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Laryngoscope. 1991 Dec;101(12 Pt 1):1318-22.

Histopathologic changes in snoring and obstructive sleep apnea syndrome.

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Department of Otolaryngology and Human Communication, Medical College of Wisconsin, Milwaukee 53226.


The pathophysiologic events that lead to the loss of airway compensation in obstructive sleep apnea (OSA) are poorly understood. The development of airway instability may be secondary to changes in neurologic control, airway morphology, or both. To identify potential histopathologic features of pharyngeal tissues that may contribute to OSA, transverse sections of the distal soft palate and uvula were qualitatively compared using light and electron microscopy from 4 severe apneics (greater than 50 apnea/hour), 4 severe snorers (less than 20 apnea/hour), and 4 nonsnorers. Light microscopy of both apneics and snorers revealed mucous gland hypertrophy with ductal dilation and focal squamous metaplasia, disruption of muscle bundles by infiltrating mucous glands, focal atrophy of muscle fibers, and extensive edema of the lamina propria with vascular dilation. Severe snorers did not differ qualitatively from apneics in the characteristic changes found; however, some snorers had less extensive changes. No distinctive histopathologic findings could be associated with the development of apnea. Electron microscopy of severe apneics identified frequent focal degeneration of myelinated nerve fibers and axons. The finding of similar histopathologic changes in apneics and severe snorers supports previous speculation of a common etiology not directly related to apnea, such as vibratory trauma to pharyngeal tissues. Degenerative changes in peripheral nerves, identified on electron microscopy, however, may contribute to airway instability and the development of obstructive apnea by impairing pharyngeal reflexes.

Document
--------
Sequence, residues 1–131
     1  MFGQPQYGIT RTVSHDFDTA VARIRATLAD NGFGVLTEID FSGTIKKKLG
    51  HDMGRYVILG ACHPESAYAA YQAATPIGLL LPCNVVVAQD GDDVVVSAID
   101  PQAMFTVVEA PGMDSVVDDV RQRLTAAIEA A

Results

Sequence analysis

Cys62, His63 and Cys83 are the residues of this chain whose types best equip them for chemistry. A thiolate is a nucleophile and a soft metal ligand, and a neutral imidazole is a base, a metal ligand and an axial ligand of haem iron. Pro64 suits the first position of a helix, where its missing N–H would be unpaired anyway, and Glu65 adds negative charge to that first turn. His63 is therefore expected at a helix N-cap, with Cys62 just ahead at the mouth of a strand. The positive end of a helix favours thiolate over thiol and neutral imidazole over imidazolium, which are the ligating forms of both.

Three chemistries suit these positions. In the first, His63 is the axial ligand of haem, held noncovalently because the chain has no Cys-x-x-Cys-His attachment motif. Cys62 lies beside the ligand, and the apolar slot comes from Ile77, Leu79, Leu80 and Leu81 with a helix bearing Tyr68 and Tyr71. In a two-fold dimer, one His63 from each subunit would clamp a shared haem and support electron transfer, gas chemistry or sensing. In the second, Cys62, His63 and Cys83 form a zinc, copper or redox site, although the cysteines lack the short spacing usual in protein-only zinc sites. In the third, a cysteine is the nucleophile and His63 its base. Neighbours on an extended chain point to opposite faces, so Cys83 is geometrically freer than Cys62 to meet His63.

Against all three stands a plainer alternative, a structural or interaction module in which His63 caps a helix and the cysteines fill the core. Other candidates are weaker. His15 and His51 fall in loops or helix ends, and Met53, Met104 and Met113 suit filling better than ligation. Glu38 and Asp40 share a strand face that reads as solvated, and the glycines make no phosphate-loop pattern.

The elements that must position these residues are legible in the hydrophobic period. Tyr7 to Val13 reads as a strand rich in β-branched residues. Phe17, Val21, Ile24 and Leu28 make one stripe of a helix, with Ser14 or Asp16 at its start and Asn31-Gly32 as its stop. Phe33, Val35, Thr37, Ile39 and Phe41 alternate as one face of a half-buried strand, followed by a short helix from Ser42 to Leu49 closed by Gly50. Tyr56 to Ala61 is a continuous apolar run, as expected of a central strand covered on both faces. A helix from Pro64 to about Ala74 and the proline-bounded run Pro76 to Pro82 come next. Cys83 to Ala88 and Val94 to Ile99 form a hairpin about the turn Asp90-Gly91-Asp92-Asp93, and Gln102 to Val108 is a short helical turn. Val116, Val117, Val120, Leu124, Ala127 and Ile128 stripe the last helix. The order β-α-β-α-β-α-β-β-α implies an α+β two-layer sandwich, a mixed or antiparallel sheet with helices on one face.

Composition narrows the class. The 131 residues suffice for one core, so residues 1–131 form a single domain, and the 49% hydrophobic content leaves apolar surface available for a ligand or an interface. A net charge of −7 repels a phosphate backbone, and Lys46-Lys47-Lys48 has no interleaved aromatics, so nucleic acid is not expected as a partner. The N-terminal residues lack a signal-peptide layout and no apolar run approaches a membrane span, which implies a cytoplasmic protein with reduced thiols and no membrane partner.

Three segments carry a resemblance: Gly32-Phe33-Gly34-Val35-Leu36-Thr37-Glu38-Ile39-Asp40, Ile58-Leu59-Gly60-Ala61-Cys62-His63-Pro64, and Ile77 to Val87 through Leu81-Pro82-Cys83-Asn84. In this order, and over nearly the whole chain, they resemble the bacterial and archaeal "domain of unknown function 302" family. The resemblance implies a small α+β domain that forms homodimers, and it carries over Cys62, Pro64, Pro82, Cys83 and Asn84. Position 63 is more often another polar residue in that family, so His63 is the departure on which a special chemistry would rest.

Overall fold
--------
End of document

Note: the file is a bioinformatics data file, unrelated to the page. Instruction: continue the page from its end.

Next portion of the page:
[Indexed for MEDLINE]

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